GOP's post-election challenges, what's wrong with the Indy, and more 


Editor, 235 S. Nevada Ave., CS, CO 80903 • email: letters@csindy.com

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'Wouldn't wanna be ya'

Next month will be filled with slicing and dicing election data, trying to figure out why the Democrats lost.

We lost because our candidates received fewer votes than the other candidates.

We lost because the messages didn't move people. The story of banning birth control didn't do it. Outside dark money didn't do it. Nor fear of water sources being contaminated by fracking. We weren't concerned enough to vote.

This is my conclusion: Cory Gardner has to figure out how to support federal personhood without admitting it exists. He has to figure out how to ban birth control without women noticing. He has to figure out how to create jobs through the Keystone Pipeline and convince the Lakota it is in their best interest to have it running through their lands. The NRA has to figure out why we took back the two seats they hijacked in the recall. That didn't play out the way they planned.

The Republicans have to figure out how to keep the exorcist Klingenschmitt out of national news or be blamed for the loss of young people and large employers when he embarrasses us.

So good luck Republicans. Everything is in place to implement their agenda. If they don't do it in two years they fail and Dems win in 2016. If they do implement their agenda they can't hide the consequences and the Democrats will win in 2016. Either way ... see ya, wouldn't wanna be ya.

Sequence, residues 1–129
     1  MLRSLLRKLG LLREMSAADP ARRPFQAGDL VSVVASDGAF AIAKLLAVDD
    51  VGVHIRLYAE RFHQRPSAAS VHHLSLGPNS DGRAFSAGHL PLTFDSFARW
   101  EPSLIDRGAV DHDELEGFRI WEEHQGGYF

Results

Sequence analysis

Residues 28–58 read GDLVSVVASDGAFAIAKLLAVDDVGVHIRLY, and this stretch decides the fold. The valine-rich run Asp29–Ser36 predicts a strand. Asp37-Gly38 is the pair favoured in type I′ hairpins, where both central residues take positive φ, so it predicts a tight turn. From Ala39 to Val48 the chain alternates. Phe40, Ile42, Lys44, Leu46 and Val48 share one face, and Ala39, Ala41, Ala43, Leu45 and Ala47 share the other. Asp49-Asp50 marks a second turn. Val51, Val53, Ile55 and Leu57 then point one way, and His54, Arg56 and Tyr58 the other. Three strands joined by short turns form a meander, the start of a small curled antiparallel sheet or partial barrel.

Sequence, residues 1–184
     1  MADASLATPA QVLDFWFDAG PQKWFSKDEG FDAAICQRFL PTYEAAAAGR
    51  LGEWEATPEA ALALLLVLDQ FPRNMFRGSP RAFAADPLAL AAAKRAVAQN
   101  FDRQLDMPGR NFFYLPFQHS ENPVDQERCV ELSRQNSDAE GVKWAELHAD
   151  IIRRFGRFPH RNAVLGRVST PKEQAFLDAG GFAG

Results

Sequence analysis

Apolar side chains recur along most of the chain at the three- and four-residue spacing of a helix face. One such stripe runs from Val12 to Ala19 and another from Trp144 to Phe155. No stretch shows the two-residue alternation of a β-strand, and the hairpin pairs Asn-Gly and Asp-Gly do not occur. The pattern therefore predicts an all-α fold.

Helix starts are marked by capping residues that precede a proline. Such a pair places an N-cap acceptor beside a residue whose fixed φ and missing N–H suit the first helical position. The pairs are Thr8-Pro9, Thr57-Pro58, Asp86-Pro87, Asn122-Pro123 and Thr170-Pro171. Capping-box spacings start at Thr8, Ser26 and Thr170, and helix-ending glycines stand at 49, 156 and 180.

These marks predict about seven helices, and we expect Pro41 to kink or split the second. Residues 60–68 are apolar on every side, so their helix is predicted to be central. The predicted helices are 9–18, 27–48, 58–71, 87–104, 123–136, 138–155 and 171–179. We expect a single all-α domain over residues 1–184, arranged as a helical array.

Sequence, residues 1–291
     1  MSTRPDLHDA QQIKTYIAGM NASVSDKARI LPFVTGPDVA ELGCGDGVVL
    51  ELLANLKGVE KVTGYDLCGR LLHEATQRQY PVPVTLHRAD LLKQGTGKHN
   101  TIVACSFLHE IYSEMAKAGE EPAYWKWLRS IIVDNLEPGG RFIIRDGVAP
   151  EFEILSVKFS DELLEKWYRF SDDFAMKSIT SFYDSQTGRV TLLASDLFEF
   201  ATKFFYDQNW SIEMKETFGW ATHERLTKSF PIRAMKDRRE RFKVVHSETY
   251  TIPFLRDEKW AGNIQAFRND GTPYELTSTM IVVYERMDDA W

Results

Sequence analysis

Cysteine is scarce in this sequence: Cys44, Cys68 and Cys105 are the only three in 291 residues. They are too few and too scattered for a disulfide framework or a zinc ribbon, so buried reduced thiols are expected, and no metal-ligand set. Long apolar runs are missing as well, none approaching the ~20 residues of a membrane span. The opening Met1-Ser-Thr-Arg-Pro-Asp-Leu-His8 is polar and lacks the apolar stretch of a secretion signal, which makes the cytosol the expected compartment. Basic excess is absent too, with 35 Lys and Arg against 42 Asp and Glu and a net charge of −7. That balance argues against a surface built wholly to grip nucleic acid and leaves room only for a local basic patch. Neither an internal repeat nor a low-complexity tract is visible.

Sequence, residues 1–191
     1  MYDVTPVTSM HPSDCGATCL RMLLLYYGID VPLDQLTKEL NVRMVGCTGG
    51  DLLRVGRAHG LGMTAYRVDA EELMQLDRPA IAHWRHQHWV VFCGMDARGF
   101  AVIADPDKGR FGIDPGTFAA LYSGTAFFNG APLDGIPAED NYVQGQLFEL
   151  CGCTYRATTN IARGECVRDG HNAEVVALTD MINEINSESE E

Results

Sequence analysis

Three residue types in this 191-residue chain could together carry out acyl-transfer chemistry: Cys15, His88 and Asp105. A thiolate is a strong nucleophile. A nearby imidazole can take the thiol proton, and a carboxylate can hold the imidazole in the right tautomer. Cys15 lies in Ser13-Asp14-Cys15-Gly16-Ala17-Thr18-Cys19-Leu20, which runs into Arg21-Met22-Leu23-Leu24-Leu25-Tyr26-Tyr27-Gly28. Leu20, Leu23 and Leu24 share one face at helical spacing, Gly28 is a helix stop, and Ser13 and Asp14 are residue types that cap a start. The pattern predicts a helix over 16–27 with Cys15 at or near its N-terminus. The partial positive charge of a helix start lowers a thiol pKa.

— Carolyn Cathey

Colorado Springs

Going downhill

I've been trying to figure out what's wrong with the Independent. It is still very good at dispensing information (what a newspaper is supposed to do) about politics, live music and the ahhts scene. In fact, if I close my eyes I think I'm in Paris!

When I open them again, I see litter, trash, refuse, garbage, junk, debris, potholes and cigarette butts, with some mountains in the background, if the sky is not overcast. And, of course, it's hard to see past the advertising and tacky logos on everything from bus benches to supermarket carts.

Personally, I have never been able to tolerate reading more than two sentences written by that smug, loathsome, contemptuous Advice Goddess; and I wish you would eighty-six the cab driver's column! Even though the guy is capable of writing, his stuff is about as pathetic and depressing to read as The Jerry Springer Show is to watch, and he's darned fortunate not to have yet been beaten and robbed at gunpoint by the pitiful drunks and outcasts he ferries around.

Could it be that Rich Tosches contributed so much by lampooning everything about this silly burg, that his humor actually became an antidote to the mundane? Laughter is more appreciated than pathos and bathos.

And what happened to the Freethinkers column?

I guess I should realize that beggars can't be choosers when it comes to a free paper — 'cause look at the alternative, the Gazette!

— Bernadette Young

Colorado Springs

Editor's note: Freethought Views, a paid supplement whose content is provided by Freethinkers of Colorado Springs, has been running about once a month. When it is supplied, we print it.